G20 wrap: some progress, some omissions, fingers crossed for follow-though

By: Results Canada Published: 14/09/2023

On September 9th, Prime Minister Justin Trudeau joined other world leaders at the G20 Summit in India to determine the course the world takes in the midst of cascading challenges and crises. 

In the lead-up to the Summit, Results has been pushing for Canada, along with other G20 countries, to focus on the needs of the most marginalized communities and commit to improving the international financial system.  We also advocated for an enhanced equitable response and recovery for future pandemic threats, particularly through expanded access to primary health care. We put together eight recommendations for Canada’s engagement.      

On September 10th, a joint Leaders’ Declaration was released outlining commitments to build a better future. Here’s our take on the declaration and overall outcome of the Summit:   

the good  

commitment to end TB, eradicate polio and strengthen primary healthcare 

Results called for G20 countries to reaffirm their commitment to the fight against Tuberculosis (TB), Malaria, HIV/AIDS, and polio and recognize the importance of primary healthcare and the community health workforce that support this fight.  

We were pleased that the G20 Leaders’ Declaration committed to eradicating polio and ending ongoing epidemics like HIV/AIDS, TB, and malaria. There are also commitments towards strengthening primary health care and health workforce and improving essential health services and health systems to better than pre-pandemic levels within the next 2-3 years. These commitments should be followed by concrete actions at key global moments, like the upcoming United Nations High-Level Meeting on TB on September 22nd. For more on what you can do to get Canada to make the commitments we need at this meeting, check out our current call to action.           

commitment to delivering quality education  

Results has been drawing attention to the global learning crisis, especially in the wake of COVID-19 and school closures, that has left millions of children unable to read a simple text or do a basic math by the age of 10.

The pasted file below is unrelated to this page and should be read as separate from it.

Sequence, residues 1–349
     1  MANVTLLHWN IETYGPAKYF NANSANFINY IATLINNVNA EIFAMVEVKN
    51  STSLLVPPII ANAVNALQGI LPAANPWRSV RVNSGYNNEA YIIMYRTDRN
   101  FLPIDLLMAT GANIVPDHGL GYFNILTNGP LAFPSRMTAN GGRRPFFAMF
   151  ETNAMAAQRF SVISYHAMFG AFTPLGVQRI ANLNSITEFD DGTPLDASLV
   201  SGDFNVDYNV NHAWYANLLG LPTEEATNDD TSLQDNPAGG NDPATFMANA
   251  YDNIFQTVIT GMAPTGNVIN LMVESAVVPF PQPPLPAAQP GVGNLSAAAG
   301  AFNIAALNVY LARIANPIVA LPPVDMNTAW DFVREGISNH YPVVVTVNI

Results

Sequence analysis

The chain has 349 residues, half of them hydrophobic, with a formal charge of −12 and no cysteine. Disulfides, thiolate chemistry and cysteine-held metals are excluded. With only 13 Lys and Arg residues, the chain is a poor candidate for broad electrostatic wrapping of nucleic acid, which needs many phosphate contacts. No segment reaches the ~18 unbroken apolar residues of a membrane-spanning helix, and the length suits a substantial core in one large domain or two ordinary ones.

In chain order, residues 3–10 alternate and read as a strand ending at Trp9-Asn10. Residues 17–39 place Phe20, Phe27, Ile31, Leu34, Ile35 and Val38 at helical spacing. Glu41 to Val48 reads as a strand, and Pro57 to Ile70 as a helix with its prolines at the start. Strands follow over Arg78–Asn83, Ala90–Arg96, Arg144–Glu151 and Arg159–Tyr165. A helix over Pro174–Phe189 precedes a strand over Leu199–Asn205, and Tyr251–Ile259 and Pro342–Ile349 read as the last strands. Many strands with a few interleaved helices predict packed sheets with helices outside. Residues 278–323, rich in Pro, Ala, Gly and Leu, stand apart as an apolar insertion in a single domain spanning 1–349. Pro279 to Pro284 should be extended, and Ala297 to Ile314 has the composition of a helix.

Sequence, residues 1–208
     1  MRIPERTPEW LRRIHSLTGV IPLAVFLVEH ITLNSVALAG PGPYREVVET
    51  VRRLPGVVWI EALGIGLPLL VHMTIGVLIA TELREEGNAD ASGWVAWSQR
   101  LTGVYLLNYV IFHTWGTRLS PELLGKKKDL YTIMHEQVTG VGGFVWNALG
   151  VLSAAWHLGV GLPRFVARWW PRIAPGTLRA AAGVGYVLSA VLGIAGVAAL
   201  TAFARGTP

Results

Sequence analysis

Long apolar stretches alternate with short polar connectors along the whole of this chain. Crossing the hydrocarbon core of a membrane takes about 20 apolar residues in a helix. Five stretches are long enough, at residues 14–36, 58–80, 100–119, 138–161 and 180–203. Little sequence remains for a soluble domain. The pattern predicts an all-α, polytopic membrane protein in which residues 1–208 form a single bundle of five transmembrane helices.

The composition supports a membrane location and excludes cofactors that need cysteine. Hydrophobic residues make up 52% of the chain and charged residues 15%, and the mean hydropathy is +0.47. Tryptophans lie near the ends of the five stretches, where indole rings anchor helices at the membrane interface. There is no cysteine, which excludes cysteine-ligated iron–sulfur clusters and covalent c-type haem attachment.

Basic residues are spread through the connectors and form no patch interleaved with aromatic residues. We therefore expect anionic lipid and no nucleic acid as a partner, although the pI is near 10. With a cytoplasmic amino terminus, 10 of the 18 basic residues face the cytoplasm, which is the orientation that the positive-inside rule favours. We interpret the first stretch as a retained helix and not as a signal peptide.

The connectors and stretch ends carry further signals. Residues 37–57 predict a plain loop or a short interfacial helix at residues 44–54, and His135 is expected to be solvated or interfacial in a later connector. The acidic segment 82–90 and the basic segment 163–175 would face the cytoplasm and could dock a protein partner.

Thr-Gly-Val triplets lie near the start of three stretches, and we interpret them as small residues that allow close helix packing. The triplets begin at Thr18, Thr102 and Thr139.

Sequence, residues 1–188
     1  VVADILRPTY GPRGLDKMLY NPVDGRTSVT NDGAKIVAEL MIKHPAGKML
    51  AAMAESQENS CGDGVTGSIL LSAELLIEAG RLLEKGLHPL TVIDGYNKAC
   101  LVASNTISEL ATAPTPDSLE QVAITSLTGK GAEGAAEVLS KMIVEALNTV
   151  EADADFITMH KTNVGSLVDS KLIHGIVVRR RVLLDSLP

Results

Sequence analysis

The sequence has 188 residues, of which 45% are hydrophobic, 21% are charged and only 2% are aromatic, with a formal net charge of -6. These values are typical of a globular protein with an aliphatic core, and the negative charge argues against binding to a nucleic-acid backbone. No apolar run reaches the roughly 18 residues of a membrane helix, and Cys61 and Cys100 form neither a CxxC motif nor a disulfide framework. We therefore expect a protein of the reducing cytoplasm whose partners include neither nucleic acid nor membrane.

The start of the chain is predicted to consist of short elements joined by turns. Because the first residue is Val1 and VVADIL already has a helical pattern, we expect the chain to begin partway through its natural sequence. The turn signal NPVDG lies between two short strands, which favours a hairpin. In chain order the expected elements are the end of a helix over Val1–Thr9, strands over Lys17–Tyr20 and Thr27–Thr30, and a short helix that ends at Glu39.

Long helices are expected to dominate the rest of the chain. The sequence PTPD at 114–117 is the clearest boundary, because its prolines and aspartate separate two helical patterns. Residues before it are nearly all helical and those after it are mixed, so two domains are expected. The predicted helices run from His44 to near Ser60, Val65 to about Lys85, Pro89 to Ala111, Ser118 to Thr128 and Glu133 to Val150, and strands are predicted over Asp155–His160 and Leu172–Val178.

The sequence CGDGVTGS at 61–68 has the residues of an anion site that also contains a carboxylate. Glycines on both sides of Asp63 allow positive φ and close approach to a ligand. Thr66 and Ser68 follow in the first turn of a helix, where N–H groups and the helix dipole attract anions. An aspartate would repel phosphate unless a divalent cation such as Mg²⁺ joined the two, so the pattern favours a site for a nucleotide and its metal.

The declaration recognizes and specifically draws attention to the importance of foundation learning, which is comprised of literacy, numeracy, and socio-emotional skills that act as the primary building blocks of education and employment. 

commitment to improve women’s livelihoods 

Economic inclusion is a key pillar of Results’s advocacy to advance progress towards ending extreme poverty. We were pleased to note the leaders’ support for the acceleration of proven solutions that improve women’s livelihoods, including through bundled interventions like coaching, and technical assistance.  

what was missing?  

concrete financial commitments to pandemic preparedness 

Results called for leaders to articulate clear sources of funding in support of medical countermeasures – from vaccine development to diagnostics and treatment –  to prepare for the next pandemic.  

The declaration instead endorsed temporary potential solutions with no firm financing commitments towards pandemic preparedness, prevention, and responses. Where new sources of financing were identified for global challenges – like the International Monetary Fund’s Resilience and Sustainability Trust – pandemic preparedness, prevention, and response were not mentioned as areas for potential investment.   

debt suspension clauses for pandemic and climate events 

Countries that borrow from lending institutions – including multilateral and bilateral lenders and private institutions – during an adverse event (flood, drought, disease outbreak) find it extremely challenging to continue to service their debt while funding the measures required to deal with the event. We called on the leaders to push lending institutions to allow countries facing a pandemic or a climate-related disaster to postpone repayment of debt until they have had time to deal with their emergency.  

While the declaration acknowledges the need for timely resolution of the debt situation, there’s no mention of suspending debts when countries are in the midst of a crisis.      

final thoughts 

Overall, the Summit showed that there is still a lot of advocacy required to ensure Canada and the world champion bold reforms in the global financial system to reduce debt, reverse inequities, and ensure more funding is available to invest in health, education, and poverty alleviation in the most crises-affected countries. Results will continue to track this and push Canada to be a #GameChanger by doing better and more at key global moments. 

There are two upcoming opportunities for Canada to go past generalities and make truly measurable commitments in the coming weeks and months:   

  • The United Nations High-Level Meeting (UN-HLM) on TB on September 22 provides an opportunity for Canada to lead the world by recommitting to eradicate TB.  (You can advocate for Canada’s meaningful involvement – check out our current call to action
  • Canada can maintain its reputation as a leader in quality education, while expanding impact for foundational skills by restoring investment in quality education at the Global Refugee Forum this December. 

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